a second valve mechanism incorporated in the valve housing for selectively connecting and disconnecting the first passage with the third passage in accordance with the difference between a pressure in the first passage and a pressure in the second passage, wherein, when the first valve mechanism is closed, the second valve mechanism connects the first passage with the third passage if the pressure in the first passage is higher than the pressure in the second passage by a predetermined amount.
Description
BACKGROUND OF THE INVENTION

The present invention relates to switch valves used in air-conditioner refrigerant circuits, and more particularly, to switch valves used in refrigerant circuits having hot gas circuits.

A typical automotive air-conditioner refrigerant circuit includes a hot gas circuit. When the air conditioner warms the passenger compartment, heated and pressurized refrigerant gas (hereinafter referred to as “hot gas”) circulates in the hot-gas circuit. FIG. 5 shows a prior art refrigerant circuit of an automotive air-conditioner. The refrigerant circuit includes a compressor 10, a condenser 11, a receiver 12, a check valve 9, a depressurizing device (expansion valve) 13, an evaporator 14, and an accumulator 15. These constituents are arranged in this order and connected with each other by a pipe 16 to define the refrigerant circuit. The compressor 10 is actuated by an engine (not shown).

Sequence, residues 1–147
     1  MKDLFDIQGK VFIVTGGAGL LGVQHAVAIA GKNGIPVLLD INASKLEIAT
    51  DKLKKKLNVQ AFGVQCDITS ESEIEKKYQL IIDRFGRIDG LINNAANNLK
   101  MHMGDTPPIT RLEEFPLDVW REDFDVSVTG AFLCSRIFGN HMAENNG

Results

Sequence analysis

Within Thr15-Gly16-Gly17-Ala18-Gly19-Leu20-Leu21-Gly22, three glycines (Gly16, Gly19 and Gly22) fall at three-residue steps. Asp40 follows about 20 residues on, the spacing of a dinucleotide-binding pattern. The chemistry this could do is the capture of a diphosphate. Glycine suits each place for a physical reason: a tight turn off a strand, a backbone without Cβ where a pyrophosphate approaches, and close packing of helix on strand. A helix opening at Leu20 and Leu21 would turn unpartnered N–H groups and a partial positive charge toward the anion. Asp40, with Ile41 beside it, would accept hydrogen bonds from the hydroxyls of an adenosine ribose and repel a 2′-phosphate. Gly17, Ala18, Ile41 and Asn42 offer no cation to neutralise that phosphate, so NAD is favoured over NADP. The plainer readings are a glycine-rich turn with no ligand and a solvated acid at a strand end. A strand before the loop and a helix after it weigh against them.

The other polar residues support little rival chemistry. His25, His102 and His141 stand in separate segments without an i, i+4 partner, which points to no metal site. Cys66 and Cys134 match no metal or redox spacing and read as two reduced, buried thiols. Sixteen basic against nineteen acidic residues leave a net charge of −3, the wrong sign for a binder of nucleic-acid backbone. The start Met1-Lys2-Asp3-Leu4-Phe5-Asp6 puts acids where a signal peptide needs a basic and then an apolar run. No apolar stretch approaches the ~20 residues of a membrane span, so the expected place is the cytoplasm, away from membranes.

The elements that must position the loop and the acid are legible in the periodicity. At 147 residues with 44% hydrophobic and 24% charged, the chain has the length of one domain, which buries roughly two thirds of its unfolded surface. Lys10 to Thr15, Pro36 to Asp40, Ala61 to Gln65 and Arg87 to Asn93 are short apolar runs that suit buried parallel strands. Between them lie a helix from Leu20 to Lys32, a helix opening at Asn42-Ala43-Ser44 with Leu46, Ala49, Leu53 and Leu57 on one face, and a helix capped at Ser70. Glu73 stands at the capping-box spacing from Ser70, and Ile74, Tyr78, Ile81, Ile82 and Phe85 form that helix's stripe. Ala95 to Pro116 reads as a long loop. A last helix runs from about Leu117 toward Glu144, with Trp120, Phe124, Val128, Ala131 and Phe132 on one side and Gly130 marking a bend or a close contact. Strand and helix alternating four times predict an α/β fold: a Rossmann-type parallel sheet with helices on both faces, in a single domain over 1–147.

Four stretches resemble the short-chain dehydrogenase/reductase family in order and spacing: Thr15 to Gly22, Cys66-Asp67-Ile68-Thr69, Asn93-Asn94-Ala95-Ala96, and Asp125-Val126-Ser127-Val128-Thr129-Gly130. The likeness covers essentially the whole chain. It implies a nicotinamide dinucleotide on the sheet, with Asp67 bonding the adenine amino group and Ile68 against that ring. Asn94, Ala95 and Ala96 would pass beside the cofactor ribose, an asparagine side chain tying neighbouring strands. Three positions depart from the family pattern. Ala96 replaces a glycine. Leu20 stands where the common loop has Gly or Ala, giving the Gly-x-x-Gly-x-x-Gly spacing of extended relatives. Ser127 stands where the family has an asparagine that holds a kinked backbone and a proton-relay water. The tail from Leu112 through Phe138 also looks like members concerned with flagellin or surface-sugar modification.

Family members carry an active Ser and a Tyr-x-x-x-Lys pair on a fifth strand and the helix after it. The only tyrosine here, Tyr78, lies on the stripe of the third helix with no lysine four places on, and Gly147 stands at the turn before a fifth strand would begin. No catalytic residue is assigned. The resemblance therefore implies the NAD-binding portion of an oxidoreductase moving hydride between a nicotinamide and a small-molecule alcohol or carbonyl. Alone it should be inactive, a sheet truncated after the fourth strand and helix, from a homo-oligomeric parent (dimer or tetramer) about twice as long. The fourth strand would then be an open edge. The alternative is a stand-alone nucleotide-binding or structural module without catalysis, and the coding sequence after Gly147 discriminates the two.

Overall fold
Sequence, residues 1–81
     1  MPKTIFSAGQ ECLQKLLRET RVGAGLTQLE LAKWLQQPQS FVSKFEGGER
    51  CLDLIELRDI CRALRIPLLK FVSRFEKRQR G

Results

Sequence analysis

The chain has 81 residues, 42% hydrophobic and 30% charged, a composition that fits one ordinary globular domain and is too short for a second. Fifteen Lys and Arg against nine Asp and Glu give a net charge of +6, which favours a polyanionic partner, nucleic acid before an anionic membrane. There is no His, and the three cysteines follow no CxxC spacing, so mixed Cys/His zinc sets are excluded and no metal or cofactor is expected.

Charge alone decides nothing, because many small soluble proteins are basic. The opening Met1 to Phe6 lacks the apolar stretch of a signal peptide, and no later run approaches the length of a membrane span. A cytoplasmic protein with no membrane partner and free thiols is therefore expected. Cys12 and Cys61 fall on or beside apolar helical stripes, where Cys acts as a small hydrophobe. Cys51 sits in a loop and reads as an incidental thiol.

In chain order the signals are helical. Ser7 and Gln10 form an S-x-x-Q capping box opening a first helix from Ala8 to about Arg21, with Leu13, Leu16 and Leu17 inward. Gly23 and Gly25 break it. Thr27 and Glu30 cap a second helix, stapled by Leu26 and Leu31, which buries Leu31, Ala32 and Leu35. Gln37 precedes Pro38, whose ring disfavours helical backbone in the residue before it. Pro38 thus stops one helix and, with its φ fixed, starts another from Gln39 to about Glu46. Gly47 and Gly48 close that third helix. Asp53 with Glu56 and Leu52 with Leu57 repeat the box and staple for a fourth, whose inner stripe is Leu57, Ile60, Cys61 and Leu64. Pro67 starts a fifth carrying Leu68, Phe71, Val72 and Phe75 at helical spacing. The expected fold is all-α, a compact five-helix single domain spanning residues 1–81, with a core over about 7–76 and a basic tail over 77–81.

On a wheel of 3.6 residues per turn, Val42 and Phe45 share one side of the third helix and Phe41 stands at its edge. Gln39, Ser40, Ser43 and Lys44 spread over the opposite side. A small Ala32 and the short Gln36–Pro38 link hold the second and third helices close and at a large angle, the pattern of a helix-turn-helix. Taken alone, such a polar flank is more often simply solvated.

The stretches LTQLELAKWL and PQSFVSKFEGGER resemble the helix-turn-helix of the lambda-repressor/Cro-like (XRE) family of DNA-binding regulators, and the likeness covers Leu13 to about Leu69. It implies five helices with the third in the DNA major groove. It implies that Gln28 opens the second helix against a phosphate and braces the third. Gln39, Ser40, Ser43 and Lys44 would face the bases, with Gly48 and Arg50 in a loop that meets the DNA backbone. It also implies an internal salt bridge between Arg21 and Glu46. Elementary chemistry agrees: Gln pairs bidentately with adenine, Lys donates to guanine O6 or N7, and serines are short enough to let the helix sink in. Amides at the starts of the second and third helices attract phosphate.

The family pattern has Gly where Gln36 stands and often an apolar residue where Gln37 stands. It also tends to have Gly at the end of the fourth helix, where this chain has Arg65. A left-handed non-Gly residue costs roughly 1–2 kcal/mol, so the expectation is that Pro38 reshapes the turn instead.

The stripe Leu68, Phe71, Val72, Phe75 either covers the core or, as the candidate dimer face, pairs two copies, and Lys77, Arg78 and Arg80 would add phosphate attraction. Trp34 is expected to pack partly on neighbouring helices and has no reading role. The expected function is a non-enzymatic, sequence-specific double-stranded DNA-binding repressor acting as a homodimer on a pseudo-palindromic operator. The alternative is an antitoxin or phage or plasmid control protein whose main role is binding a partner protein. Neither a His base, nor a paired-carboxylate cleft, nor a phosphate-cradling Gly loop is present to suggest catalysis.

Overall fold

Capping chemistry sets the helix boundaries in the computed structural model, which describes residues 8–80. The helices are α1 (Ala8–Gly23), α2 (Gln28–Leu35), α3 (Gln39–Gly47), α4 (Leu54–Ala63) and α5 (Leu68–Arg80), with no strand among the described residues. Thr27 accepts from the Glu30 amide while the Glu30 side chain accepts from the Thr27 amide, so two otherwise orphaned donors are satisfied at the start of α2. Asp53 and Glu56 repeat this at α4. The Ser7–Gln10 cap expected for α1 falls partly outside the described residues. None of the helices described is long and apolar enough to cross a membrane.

A first electromagnetic valve 17 is located in a section of the pipe 16 between the compressor 10 and the condenser 11. A first bypass pipe 20 constitutes a hot gas circuit and has an inlet 20 a connected to a section of the pipe 16 between the compressor 10 and the first electromagnetic valve 17. The first bypass pipe 20 also has an outlet 20 b connected to a section of the pipe 16 between the depressurizing device 13 and the evaporator 14. Another depressurizing device 22 is provided in the first bypass pipe 20. A second electromagnetic valve 18 is located in the first bypass pipe 20 upstream from the depressurizing device 22.

The depressurizing device 22 depressurizes the hot gas discharged from the compressor 10 to a predetermined value.

The depressurized hot gas is then sent to the evaporator 14.

In this case, it is preferred that the pressure in the first bypass pipe 20 be 1.47 MPa upstream of the depressurizing device 22 and 0.20 to 0.39 MPa downstream of the depressurizing device 22.

A second bypass pipe 40 has an inlet connected to the section of the pipe 16 between the compressor 10 and the first electromagnetic valve 17. The second bypass pipe 40 further has an outlet connected to a section of the pipe 16 between the accumulator 15 and the compressor 10. Another depressurizing device 42 is provided in the second bypass pipe 40. A third electromagnetic valve 41 is provided in the second bypass pipe 40 and located upstream from the depressurizing device 42. The first to third electromagnetic valves 17, 18, 41 are controlled by a controller 100 constituted by, for example, a computer.